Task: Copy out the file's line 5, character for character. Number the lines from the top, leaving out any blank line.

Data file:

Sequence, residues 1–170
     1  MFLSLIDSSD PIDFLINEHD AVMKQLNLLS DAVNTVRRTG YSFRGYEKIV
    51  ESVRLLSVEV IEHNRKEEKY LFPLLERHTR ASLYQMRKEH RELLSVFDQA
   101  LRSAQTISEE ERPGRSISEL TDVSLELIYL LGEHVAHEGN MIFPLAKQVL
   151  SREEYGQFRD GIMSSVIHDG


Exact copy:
   151  SREEYGQFRD GIMSSVIHDG